Tooma is a leading figure in Australia’s analysis and application of occupational health and safety (OHS) laws. He has also been a regular author for publisher CCH. His latest book on workplace health and safety is entitled “Due Diligence: Duty of Officers”.
The process for harmonisation of OHS laws in Australia continues to be a rocky one but there are some elements emerging that, even if the laws are not applied in each State, will change the way that OHS is perceived in workplaces. The increased involvement and accountability of senior managers has been a prominent concern through the review process and is a valid starting point for this new series of books.
Tooma writes in the Preface that the series is designed for the “busy executive” (Is there any other kind?) as an explanation for the tone and structure of the book. The book is what has been traditionally described as an “easy read”. I take this as meaning a clean, well-spaced font, minimal footnoting and cross-references. There is a good use of graphics and tables but sometimes the short case studies or examples break up the page too much in such a small formatted book.
Tooma sees the OHS duties of officers as comprising six elements:
- Knowledge of work health and safety matters
- Understanding the nature of the operations
- Resources and processes
- Monitoring performance
- Legal compliance
The bulk of the book explores these elements but perhaps the crucial difference in Tooma’s book to other OHS tomes by his learned colleagues, is that he devotes a chapter to the practical application of due diligence. Here he establishes not only the relevance of the new duties but how they vary through the organisational structure. The key messages of this chapter are:
- “While all officers have the same duty, the practical application of the duty at different levels of officers differs.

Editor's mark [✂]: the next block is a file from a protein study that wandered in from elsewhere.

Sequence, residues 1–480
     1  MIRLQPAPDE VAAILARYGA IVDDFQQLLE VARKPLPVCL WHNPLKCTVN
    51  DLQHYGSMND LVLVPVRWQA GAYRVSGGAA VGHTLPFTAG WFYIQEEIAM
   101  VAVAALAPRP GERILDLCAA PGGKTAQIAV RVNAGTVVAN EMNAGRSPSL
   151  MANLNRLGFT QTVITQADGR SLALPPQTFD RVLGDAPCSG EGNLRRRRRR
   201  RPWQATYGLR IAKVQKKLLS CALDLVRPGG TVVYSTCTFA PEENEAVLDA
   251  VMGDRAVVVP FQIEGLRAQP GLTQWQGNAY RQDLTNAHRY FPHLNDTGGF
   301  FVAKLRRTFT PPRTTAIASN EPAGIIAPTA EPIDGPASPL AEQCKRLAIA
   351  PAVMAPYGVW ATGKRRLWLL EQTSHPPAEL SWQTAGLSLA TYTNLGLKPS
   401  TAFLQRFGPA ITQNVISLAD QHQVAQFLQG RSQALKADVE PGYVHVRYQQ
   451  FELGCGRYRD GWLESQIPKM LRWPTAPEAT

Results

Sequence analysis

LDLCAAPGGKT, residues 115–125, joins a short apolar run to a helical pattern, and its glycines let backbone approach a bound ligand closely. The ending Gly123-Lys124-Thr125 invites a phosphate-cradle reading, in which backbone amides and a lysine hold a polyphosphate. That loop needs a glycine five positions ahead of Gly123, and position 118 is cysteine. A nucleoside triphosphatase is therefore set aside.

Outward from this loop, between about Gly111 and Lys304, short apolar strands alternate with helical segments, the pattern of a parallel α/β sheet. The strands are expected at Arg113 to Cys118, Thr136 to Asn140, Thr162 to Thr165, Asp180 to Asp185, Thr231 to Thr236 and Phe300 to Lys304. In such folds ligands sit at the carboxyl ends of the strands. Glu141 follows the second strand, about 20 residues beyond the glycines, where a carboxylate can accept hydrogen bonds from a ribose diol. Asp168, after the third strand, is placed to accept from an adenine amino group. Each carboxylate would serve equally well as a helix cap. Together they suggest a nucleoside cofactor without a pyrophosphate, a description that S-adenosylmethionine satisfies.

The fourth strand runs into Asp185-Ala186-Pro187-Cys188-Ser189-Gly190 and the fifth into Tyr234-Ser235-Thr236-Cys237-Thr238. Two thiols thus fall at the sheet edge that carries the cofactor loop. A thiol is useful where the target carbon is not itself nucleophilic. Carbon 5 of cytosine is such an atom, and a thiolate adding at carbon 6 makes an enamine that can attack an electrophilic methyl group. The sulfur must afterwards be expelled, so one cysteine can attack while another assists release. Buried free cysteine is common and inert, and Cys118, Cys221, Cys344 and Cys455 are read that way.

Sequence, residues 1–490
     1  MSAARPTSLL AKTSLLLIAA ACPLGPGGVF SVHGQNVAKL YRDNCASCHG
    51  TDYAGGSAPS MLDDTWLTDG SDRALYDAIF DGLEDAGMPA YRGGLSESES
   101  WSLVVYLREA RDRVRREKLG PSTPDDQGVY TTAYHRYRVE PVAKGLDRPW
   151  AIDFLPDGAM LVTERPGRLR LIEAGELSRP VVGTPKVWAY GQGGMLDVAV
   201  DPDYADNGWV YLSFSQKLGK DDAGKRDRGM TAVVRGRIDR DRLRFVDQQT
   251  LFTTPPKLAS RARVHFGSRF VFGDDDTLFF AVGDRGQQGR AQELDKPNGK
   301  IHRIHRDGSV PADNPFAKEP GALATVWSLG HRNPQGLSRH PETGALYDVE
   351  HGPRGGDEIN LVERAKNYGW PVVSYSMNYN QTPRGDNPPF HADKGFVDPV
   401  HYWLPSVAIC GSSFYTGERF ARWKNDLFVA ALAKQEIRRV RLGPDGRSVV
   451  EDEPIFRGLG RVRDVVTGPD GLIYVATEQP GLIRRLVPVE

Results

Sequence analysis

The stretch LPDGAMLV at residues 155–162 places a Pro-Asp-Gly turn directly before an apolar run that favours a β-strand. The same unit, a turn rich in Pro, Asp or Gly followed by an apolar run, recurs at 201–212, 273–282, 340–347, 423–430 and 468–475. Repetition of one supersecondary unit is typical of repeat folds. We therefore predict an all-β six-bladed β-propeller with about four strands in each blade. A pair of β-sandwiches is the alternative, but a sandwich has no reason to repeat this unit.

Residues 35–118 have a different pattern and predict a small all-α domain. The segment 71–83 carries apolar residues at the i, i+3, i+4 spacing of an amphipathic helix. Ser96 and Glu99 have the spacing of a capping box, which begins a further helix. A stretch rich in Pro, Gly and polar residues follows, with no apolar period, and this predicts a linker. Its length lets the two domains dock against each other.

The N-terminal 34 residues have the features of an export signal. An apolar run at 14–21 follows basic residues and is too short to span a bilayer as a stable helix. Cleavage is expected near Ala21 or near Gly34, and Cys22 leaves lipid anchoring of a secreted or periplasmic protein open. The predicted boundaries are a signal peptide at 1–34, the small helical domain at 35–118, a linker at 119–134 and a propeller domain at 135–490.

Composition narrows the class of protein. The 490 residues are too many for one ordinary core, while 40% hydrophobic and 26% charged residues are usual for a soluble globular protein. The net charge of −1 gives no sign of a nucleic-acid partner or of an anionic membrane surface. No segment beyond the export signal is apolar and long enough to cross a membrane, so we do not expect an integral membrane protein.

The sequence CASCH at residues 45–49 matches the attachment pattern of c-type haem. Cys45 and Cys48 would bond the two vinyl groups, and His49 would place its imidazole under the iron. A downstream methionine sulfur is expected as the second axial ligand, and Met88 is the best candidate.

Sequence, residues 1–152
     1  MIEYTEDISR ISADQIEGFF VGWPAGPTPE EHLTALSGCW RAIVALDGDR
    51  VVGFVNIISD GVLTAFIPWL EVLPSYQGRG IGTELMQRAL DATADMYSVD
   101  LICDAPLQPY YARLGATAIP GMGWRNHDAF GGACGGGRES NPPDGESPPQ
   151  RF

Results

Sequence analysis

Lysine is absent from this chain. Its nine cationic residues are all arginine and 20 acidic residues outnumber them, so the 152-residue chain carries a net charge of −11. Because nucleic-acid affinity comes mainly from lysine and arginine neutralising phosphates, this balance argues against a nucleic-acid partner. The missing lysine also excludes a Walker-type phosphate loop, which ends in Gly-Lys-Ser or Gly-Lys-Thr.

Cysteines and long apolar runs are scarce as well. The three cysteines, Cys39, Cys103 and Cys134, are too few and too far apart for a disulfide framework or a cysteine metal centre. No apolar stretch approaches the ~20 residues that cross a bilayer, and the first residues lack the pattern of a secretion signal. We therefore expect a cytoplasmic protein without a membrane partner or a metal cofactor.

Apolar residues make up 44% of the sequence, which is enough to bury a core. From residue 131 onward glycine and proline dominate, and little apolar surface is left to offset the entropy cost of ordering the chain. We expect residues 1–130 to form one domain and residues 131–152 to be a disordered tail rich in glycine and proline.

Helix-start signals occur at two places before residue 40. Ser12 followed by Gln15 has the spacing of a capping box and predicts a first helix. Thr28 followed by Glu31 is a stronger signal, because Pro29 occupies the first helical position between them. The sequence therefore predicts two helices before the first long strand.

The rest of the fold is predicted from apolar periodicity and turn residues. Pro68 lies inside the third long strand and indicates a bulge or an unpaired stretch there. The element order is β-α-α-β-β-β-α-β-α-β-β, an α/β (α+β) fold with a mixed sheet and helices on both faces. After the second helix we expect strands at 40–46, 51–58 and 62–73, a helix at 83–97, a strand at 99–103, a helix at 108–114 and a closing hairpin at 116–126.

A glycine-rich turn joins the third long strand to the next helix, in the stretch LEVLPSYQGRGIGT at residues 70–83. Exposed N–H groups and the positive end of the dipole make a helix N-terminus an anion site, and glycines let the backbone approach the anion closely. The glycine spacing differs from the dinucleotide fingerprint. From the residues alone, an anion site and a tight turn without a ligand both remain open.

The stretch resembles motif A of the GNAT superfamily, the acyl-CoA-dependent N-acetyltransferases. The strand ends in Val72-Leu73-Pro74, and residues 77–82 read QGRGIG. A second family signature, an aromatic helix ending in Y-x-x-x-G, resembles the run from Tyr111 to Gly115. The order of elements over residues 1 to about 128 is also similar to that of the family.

- A sliding scale of obligations operates so that officers highest in the hierarchy have the greatest due diligence obligations.
- Certain elements will fall squarely in the laps of certain officers because of their role. They will be primarily responsible for delivering on those elements.”
He answers the question most posed at public seminars “how does all this affect me?” The application of the six elements of due diligence are spelt out for each officer position from Chairman to General Manager.
Many of Tooma’s references will be familiar to Australian OHS readers – Andrew Hopkins, James Reason and Lord Cullen – as well as various legal cases. It is a bit surprising that for some of the discussion on informed culture Tooma did not look closer to home with the inquiry into the Waterfall rail disaster by Supreme Court Justice Peter McInerney. McInerney’s chapters on safety culture always seem a missed reference on the Australian and railway context of safety culture.
This new book is part of a series that will be published over the next 12-18 months. These include
- Due Diligence: Incident Notification, Management and Investigation – expected in June 2012
- Due Diligence: Horizontal and Vertical Consultation – expected in September 2012
- Due Diligence: Workers Rights and Duties
- Due Diligence: Dealing with Regulators
- Due Diligence: Persons Conducting a Business or Undertaking
Given that the first in the series costs $A50.00, the series, on only one albeit major element of the new OHS laws, will run at around $A300. This is a big outlay for many safety professionals but perhaps not so big for the intended market of busy executives.
The particular appeal of this book is that not only is it written by an authority in the area but that authority applies a broad definition and application of OHS laws. Tooma has always advocated the application of law rather than wallowing in the legal intricacies as do other legal writers on OHS. Tooma can be a little cocky as some of the comments in the preface may indicate but he also has had the advantage of being exposed to the inquisitiveness of students in law and safety science over a long time. His legal knowledge, business exposure, broad perspective and familiarity in presenting OHS concepts to both students and the layperson is on show in this very good plain English explanation of due diligence and the duties of officers.